I look at the scars that healed
on my legs and feet,
extremities that will one day
take the brunt of lectures from a podiatrist.
What abuse story will best explain their condition?
During elementary school recess,
lunch ladies used to like watching me
outrun boys in a jumper dress, knee socks
and navy blue ribbons at the end of my pigtails.
I was pushed from behind in second grade,
sent skidding on gritty concrete
until it tore off all the top
layer of skin on my knees. When mamma
saw me in the front office
with band-aids and a zip-loc bag of ice,
all she told me was, “You really need to be a lady.”
They also remember warnings: “You know, if you
get hurt, we can’t afford to take you
to the hospital!” She meant it after I twisted
my ankle on a friend’s trampoline when I was nine
and she didn’t even have to ask why
I limped between hiccuped sobs because, “I knew it.”
The right foot still spasms on days I wake up
to winter cold, or when I flashback
to the blackout pain (right now, for instance).
Did I forget to tell my husband
about the Fourth of July when I got this
almond-shaped scar right below my left knee?
Just a slight tap from the edge of a dropped
iron can, almost immediately, make skin
rise and blister like a flour pita on the stovetop.
The sting grabbed me by surprise each time
I tried to move forward.
Not even aloe vera could remove the past fully.
Or–should I tell a doctor every time I stubbed
my toe, even my entire foot, against the edge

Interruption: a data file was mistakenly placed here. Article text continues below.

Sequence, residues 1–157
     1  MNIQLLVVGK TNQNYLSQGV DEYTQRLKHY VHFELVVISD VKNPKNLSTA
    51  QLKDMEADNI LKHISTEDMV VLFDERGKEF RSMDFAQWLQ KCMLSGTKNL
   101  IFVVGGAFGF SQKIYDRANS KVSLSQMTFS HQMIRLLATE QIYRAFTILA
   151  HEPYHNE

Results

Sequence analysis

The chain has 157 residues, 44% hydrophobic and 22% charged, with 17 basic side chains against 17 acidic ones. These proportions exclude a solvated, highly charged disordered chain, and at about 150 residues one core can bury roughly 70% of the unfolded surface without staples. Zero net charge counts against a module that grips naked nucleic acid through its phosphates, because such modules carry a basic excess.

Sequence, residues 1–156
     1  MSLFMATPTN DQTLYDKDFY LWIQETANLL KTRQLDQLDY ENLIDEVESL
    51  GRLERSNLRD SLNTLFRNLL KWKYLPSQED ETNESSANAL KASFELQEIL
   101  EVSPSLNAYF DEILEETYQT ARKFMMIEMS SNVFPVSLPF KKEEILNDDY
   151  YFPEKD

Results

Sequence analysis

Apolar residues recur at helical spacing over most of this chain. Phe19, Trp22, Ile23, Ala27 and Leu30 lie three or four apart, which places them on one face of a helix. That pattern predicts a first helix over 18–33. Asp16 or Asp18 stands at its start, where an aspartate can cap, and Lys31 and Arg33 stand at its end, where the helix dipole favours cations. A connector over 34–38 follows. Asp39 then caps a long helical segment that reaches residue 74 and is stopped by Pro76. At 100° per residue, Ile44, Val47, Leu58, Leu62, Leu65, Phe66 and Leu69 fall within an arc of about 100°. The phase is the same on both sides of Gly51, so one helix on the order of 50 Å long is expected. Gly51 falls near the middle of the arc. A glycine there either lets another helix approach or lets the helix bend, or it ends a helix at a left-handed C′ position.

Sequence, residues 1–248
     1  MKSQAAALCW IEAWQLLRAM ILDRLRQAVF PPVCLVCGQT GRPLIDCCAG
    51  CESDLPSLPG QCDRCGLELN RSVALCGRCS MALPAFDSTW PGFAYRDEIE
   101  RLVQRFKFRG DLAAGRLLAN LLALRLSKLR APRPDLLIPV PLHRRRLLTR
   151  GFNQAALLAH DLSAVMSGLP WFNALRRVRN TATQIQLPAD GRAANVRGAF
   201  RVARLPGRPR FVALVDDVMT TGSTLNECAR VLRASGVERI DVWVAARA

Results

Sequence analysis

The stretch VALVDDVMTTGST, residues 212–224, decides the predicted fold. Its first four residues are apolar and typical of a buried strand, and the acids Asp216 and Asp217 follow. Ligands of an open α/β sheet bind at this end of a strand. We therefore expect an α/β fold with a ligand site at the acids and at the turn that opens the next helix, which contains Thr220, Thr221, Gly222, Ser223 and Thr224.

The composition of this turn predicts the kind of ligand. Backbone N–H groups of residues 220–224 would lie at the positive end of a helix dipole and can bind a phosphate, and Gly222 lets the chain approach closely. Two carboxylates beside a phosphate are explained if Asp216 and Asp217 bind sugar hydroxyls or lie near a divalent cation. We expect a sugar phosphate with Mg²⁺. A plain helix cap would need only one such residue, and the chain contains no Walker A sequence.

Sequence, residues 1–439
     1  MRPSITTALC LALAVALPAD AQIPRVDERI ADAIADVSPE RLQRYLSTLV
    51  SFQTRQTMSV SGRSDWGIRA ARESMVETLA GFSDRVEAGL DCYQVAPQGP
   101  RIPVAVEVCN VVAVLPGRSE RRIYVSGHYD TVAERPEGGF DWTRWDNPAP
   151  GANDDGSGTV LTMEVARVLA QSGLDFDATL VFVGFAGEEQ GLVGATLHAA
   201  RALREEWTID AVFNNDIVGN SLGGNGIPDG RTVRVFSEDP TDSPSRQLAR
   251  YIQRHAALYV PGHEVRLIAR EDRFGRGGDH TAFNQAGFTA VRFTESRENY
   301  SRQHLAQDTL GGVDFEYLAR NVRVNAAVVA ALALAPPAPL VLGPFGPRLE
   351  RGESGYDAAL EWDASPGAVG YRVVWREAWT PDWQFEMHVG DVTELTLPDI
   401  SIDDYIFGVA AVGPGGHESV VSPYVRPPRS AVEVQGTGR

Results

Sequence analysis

of a chair, dresser, bed, nightstand,
the pain leaving me to grasp at stars and air?
Or the second time I twisted my ankle
while climbing (falling) out of a tree?
How about rookie razor cuts when I first started
shaving in the bathtub? I need to say I first started wearing
high heels when I was twelve, and my husband constantly
asks me why do I walk so hard, slamming my heels
on pavement to demand power in a short stature,
and repeats “that’s why you’re always in pain.”
No, I need to tell them what really happened
on the morning of Memorial Day.
I was young enough to think I didn’t need to stretch
before running down a tree lined trail and I didn’t need
to put ice on the pulled muscles afterwards. Four years
later is leaving regrets; there are bruised shadows
under the ankle whether or not I wake up and resort
to a tiptoed limp. If what is said is true,
how you’re young until muscle
and bones remind you to slow down,
the regrets will deepen with age.
I’m thinking about the consequences now, what
to tell a doctor one day as I press a towel-wrapped
ice cube into the arch and bite my bottom lip. I don’t
remember slipping on water that seeped under
the front door as I hurried to leave this morning,
and life happened too fast when I slammed against
the hard wood trunk.
My husband cradled me like a child as I screamed
without a tear, but I can’t remember pain. Only the hours
can tell me why the right foot–
the same one to twist on a trampoline–is swollen,
calling me with distress signals.
It might be time to finally get over mamma’s
reluctance of doctors and talk
endlessly before it’s too late to be pain-free. Or–
Epson salt is waiting under the bathroom sink,
I’m young and stupid
and I worship time that’ll never run out.
Note: Complete! But needs a few revisions.